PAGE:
After 1,550 bce, Austronesian-speaking people arrived in the Bismarck Archipelago in northeast New Guinea and left behind the remnants of what is now known as the Lapita cultural complex. Hailing from island Southeast Asia (ISEA), Lapita populations rapidly sailed east from New Guinea, crossing the divide between Near and Remote Oceania around 1,150 bce (Figure 17.1, Chapter 17) (Kirch, 1997; Spriggs, 1997; Summerhayes, 2001; Galipaud and Swete Kelly, 2007; Galipaud, 2010). This migration marked the arrival of the first humans into the previously uninhabited region east of the Solomon Islands, the western boundary of Remote Oceania. Over a period of about 300 years, Lapita populations settled Vanuatu, New Caledonia, Fiji, Tonga, and Samoa (Kirch, 1997). As these populations sailed eastward, they faced progressively less ecologically diverse environments in which to establish their communities. Adaptation to these island environments was essential for the successful Lapita settlement of the western Pacific Islands (Kirch, 1997; Spriggs, 1997).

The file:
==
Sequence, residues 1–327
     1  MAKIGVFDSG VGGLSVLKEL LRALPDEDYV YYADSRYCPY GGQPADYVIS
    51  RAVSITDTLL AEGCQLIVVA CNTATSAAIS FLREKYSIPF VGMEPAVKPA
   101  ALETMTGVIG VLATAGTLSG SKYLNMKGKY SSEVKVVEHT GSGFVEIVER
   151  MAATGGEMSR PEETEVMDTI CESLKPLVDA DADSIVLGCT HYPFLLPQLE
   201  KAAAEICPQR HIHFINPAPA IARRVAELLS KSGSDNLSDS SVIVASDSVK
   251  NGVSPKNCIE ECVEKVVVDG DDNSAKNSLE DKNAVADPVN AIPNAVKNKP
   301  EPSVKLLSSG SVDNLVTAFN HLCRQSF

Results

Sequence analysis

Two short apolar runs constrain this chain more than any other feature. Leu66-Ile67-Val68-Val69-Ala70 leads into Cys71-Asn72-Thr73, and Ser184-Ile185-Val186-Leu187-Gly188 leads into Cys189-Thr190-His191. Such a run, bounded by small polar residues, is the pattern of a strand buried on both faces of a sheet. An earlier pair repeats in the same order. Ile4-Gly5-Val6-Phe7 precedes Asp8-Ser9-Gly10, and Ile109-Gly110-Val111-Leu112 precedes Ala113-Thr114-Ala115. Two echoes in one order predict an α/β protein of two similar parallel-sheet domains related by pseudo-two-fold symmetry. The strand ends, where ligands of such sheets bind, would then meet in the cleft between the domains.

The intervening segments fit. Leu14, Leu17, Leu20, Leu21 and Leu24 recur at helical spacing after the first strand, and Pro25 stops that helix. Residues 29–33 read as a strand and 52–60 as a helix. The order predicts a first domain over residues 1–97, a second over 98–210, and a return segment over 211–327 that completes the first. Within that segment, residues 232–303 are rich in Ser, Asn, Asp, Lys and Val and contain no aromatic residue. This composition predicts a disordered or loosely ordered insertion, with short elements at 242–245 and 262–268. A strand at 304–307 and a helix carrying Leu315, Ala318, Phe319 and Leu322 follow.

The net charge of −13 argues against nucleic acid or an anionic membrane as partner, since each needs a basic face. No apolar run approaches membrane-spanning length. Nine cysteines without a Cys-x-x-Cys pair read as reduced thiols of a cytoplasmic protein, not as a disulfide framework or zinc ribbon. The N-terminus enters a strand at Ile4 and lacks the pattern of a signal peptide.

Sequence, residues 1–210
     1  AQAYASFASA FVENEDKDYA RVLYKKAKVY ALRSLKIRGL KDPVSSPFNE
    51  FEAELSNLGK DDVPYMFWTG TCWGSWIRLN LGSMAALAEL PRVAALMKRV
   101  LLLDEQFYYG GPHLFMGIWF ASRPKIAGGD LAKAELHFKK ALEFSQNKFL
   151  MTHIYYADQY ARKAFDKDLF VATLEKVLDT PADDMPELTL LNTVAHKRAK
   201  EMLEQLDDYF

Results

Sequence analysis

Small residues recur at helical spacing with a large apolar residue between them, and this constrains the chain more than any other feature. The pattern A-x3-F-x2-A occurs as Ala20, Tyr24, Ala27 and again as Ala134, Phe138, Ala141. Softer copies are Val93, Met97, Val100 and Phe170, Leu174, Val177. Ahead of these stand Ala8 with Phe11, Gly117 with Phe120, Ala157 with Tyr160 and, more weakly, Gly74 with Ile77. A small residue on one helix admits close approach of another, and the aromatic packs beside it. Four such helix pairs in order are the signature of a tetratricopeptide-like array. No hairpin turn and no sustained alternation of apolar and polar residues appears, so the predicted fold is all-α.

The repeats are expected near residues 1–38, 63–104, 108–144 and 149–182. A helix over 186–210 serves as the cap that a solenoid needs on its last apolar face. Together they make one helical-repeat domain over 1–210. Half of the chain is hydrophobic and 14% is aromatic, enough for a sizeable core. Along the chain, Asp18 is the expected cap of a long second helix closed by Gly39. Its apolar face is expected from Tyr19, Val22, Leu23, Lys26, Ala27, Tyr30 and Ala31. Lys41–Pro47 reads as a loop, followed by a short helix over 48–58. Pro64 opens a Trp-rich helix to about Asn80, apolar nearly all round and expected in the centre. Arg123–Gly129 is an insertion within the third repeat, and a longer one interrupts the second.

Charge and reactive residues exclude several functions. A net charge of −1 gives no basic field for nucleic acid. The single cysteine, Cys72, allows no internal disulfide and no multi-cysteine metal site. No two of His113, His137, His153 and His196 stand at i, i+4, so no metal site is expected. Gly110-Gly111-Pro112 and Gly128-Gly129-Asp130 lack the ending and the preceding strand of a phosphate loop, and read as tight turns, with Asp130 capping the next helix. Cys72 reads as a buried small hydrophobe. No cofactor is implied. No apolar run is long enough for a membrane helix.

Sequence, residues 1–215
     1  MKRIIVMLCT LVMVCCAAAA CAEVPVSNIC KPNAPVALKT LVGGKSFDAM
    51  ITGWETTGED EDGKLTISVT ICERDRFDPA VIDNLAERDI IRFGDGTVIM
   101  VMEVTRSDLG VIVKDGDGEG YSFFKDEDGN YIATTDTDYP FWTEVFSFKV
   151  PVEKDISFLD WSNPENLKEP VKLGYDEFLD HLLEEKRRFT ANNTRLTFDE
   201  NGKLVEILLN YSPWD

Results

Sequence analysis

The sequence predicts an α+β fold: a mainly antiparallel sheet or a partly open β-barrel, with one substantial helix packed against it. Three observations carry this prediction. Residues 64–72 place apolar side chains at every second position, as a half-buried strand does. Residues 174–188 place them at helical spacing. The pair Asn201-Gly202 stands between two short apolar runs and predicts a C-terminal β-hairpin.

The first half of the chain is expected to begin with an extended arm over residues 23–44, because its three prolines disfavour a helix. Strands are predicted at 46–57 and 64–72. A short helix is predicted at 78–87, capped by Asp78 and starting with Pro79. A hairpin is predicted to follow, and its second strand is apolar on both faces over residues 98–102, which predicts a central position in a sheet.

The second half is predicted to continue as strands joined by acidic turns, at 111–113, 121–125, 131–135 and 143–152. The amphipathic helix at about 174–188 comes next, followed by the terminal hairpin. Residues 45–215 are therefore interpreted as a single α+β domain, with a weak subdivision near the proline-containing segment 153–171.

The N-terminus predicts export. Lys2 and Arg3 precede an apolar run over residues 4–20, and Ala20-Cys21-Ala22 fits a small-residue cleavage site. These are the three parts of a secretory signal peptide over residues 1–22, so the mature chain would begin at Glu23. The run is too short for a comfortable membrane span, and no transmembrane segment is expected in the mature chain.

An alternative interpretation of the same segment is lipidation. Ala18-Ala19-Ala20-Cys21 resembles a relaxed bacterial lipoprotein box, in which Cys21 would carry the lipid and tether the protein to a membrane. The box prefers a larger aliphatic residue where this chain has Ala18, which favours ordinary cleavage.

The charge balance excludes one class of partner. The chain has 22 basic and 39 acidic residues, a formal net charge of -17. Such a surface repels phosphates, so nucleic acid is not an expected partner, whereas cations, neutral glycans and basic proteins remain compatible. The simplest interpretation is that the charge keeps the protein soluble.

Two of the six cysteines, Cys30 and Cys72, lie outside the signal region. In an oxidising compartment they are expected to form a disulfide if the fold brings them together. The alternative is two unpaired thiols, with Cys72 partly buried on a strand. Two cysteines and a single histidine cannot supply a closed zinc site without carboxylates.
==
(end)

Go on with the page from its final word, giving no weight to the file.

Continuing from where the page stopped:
|Title of host publication||The Routledge Handbook of Bioarchaeology in Southeast Asia and the Pacific Islands|
|Editors||Marc Oxenham & Hallie R Buckley|
|Place of Publication||London and New York|
|Publisher||Routledge Taylor & Francis Group|
|Publication status||Published - 2016|